The irony is unmistakable. Angela Merkel, who had welcomed hundreds of thousands of migrants into Germany, has staved off a crisis in governance by deferring to the demands of neighbouring Austria and also of course from within her coalition.

The Chancellor was faced with the dichotomy of humanitarian intervention ~ alone in Europe ~ and the rumblings of dissent within the coalition government. Ms Merkel has been under intense pressure from the far right and the conservatives over her policy towards migrants.

Indeed, the far right has intensified its dissent on the issue after its impressive performance in the recent national elections. A new border regime will be in place in southern Germany and the Chancellor’s interior minister, Horst Seehofer, will not resign and thus weaken the fragile coalition just yet.

The deal has allowed Merkel to avert a fallout between her Christian Democratic Union (CDU) and its sister party in Bavaria, the Christian Social Union (CSU). The border deal is a major compromise on the part of Merkel. It envisages the setting up of transit centres on the country’s southern border, where asylum-seekers who have already been registered in other EU countries will be held until they can be sent back to those countries.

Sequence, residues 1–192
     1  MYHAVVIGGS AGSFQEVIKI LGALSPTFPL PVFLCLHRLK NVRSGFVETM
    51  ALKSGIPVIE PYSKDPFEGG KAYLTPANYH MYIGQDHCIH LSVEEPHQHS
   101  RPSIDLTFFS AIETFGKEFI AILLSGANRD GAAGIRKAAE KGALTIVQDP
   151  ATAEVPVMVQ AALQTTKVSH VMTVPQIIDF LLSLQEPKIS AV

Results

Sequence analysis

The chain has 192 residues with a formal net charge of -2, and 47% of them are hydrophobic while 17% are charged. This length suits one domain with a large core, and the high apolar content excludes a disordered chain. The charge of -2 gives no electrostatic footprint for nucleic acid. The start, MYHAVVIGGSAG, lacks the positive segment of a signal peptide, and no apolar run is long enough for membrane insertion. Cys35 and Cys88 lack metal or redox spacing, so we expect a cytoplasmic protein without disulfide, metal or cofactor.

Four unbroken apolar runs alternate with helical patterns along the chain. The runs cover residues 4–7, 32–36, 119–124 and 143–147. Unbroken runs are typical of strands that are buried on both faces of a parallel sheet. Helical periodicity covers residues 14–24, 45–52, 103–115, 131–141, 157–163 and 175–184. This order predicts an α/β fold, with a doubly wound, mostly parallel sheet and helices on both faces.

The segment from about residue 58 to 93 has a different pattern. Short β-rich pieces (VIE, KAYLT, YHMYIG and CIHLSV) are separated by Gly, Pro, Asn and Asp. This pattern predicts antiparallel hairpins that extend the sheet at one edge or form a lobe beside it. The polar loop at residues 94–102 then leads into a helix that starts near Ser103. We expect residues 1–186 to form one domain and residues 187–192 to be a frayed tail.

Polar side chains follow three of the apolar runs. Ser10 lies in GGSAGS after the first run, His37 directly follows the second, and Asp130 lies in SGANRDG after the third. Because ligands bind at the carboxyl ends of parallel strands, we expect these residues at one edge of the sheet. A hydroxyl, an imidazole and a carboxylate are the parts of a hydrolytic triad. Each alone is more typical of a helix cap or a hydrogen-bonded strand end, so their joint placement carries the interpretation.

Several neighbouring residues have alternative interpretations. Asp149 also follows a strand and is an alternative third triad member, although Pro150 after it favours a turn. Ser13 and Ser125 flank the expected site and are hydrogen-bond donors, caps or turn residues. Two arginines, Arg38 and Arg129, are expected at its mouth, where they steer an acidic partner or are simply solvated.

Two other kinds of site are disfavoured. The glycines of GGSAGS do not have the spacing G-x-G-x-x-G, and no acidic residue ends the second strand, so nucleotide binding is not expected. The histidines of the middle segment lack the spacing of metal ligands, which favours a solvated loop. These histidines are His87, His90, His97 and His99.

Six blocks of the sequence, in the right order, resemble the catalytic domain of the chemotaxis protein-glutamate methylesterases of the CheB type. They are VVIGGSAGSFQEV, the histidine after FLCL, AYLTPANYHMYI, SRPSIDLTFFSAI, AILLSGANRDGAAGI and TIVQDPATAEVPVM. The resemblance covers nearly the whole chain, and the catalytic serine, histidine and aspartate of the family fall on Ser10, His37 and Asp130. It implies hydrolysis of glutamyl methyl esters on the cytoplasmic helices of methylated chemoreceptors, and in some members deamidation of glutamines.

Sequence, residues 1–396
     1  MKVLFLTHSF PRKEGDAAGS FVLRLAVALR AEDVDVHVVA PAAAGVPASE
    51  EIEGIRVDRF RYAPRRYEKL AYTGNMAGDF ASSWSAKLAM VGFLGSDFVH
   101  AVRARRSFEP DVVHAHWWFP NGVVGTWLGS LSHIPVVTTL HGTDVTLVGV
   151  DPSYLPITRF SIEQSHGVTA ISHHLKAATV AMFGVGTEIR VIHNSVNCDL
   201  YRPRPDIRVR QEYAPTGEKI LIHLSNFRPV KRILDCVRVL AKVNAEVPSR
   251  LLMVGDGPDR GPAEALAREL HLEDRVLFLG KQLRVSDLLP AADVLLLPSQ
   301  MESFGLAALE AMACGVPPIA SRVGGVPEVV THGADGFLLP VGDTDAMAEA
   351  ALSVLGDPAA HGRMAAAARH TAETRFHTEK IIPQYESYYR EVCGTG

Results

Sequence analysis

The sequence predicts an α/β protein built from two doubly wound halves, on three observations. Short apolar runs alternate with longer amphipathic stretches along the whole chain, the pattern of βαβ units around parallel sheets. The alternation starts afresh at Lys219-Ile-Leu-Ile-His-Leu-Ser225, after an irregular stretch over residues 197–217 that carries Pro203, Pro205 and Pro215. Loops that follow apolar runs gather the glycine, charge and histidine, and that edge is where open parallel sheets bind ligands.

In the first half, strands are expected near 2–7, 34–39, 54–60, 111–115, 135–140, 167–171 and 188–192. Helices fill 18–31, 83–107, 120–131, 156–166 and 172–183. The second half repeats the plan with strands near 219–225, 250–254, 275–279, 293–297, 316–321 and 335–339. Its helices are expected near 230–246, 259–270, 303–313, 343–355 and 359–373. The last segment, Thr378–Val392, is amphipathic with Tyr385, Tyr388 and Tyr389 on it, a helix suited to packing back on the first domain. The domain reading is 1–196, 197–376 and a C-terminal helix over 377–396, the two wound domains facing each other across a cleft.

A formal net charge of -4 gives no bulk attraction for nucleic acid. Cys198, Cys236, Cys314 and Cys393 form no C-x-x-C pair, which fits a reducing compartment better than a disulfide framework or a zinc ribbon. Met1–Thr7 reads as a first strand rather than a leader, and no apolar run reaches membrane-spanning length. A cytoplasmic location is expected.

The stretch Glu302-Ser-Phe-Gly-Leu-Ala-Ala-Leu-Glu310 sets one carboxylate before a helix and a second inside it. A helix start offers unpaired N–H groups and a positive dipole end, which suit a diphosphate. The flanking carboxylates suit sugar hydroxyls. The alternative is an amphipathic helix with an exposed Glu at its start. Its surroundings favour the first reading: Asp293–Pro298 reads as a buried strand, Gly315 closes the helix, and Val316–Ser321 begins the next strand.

The centres would be located on German soil in geographical but not legal terms, making it easier to deport people held in them. It is a step to facilitate deportation, and it is pretty obvious that the Chancellor has played to the gallery of her coalition partner and of Austria. While the government in Berlin is safe for now, it is fervently to be hoped that the border regime (aka deportation centres) will not exacerbate the festering migrants crisis.

The scheme is not readily workable; the political crisis has shifted to another part of the coalition. It bears recall that the transit centre scheme was proposed in 2015 by a CSU politician, Stephan Mayer. It was then stoutly rejected by the Social Democratic Party (SPD) ~ now a junior partner in Merkel’s grand coalition government.

Three years later, the centre-left SPD, wary of fresh elections, may feel less inclined to provoke a fresh crisis, but it could again reject the proposal at a meeting with members of Merkel’s bloc. The party has let it be known that it is opposed to the term “transit centres”.

The proposal could also shift the political crisis further south towards Austria, where the government has indicated that it could take its own measures to protect its borders.

The compromise deal between Ms Merkel and Mr Seehofer suggests that refugees arriving at the Austrian-Bavarian border, and who were first registered in EU countries that now refuse to take them back, notably Hungary, should be sent back to Austria. Arguably, the arrangement could have the unintended consequence of increasing migration into Germany.